Medicare Advantage beneficiaries spend $1,965 less annually on out-of-pocket costs and premiums than those in original Medicare, according to a Better Medicare Alliance analysis conducted by ATI Advisory.1
The report is based on Medicare Current Beneficiary Survey data from 2019, the most recent year available, and found a $325 increase in consumer savings compared with the previous year’s report.
These savings are seen across race and ethnicity, with Black MA beneficiaries spending $1,104 less on total health costs compared with original Medicare beneficiaries, while Latino MA beneficiaries save an average of $1,421.1
The analysis comes amid significant concerns about seniors’ out-of-pocket costs, as reported in a Kaiser Family Foundation poll.2 It also comes on the heels of a new study showing many original Medicare beneficiaries who don’t qualify for low-income subsidies don’t fill their prescriptions for expensive specialty drugs to treat serious health conditions.3
In 2021, more than 70% of Medicare Part D beneficiaries did not qualify for low-income subsidies and:
- 30% of patients without subsidies did not fill prescriptions for cancer drugs
- 22% didn’t fill prescriptions for hepatitis C treatments
- more than 50% didn’t fill medications for immune disorders.
According to HHS data, 3.5 million adults aged 65 or older, particularly Black and Latino adults, face challenges in affording medications.4
And even as older Americans are already struggling, prescription drug costs have increased 2.5% since the beginning of the COVID-19 pandemic.5 Prices for brand name drugs are rising faster than the rate of inflation, which has led many patients to not take their prescribed medications. This can lead to the need for even costlier interventions for both plans and members down the line, and can potentially affect health outcomes.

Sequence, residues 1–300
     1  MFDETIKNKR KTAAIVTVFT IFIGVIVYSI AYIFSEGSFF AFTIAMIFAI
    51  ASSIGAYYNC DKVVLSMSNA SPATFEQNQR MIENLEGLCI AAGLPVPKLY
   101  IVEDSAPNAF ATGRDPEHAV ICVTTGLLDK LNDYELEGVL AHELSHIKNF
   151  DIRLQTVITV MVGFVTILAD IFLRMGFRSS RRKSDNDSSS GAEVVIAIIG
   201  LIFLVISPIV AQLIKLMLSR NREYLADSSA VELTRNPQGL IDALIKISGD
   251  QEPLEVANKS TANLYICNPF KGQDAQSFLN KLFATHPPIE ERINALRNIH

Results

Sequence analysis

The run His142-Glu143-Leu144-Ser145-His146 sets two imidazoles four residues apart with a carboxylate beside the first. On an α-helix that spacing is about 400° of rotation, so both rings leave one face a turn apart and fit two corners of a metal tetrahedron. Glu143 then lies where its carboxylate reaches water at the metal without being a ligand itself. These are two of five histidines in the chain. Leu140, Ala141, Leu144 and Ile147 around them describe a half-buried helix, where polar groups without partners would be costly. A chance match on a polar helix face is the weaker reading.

Rising drug costs are also a concern for the Medicare program itself. A new report shows blood thinners Eliquis and Xarelto have cost Medicare Part D $46 billion since 2015, and their prices have more than doubled since they entered the market.5
As drug prices continue to increase, MA plans are an attractive option for beneficiaries who hope to save money and have access to the best possible care.
“The path to meaningfully addressing Americans’ concerns about out-of-pocket costs and health care affordability and access for our nation’s seniors leads us to Medicare Advantage,” said Mary Beth Donahue, President and CEO of the Better Medicare Alliance.
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- Study: Medicare Advantage Saves Seniors Nearly $2,000 a Year Compared to FFS Medicare. Better Medicare Alliance. April 19, 2022. https://bettermedicarealliance.org/news/study-medicare-advantage-saves-seniors-nearly-2000-a-year-compared-to-ffs-medicare/
- Kirzinger, A., Kearney, A., Quasem, M. KFF Health Tracking Poll – March 2022: Economic Concerns and Health Policy, The ACA, and Views of Long-term Care Facilities. KFF. March 31, 2022. https://www.kff.org/health-costs/poll-finding/kff-health-tracking-poll-march-2022/
- Bean, M. Many Medicare patients don’t fill prescriptions for specialty drugs, study finds. Beckers. April 7, 2022. https://www.beckershospitalreview.com/pharmacy/many-medicare-patients-don-t-fill-prescriptions-for-specialty-drugs-study-finds.html
- Tarazi, W., Finegold, K., Sheingold, S., et al. Prescription Drug Affordability among Medicare Beneficiaries. HHS. Office of Health Policy. Jan. 19, 2022. https://aspe.hhs.gov/sites/default/files/documents/1e2879846aa54939c56efeec9c6f96f0/prescription-drug-affordability.pdf
- Lagasse, J. Price of two expensive drugs has cost Medicare Part D $46 billion since 2015. Healthcare Finance. April 7, 2022. https://www.healthcarefinancenews.com/news/price-two-expensive-drugs-has-cost-medicare-part-d-46-billion-2015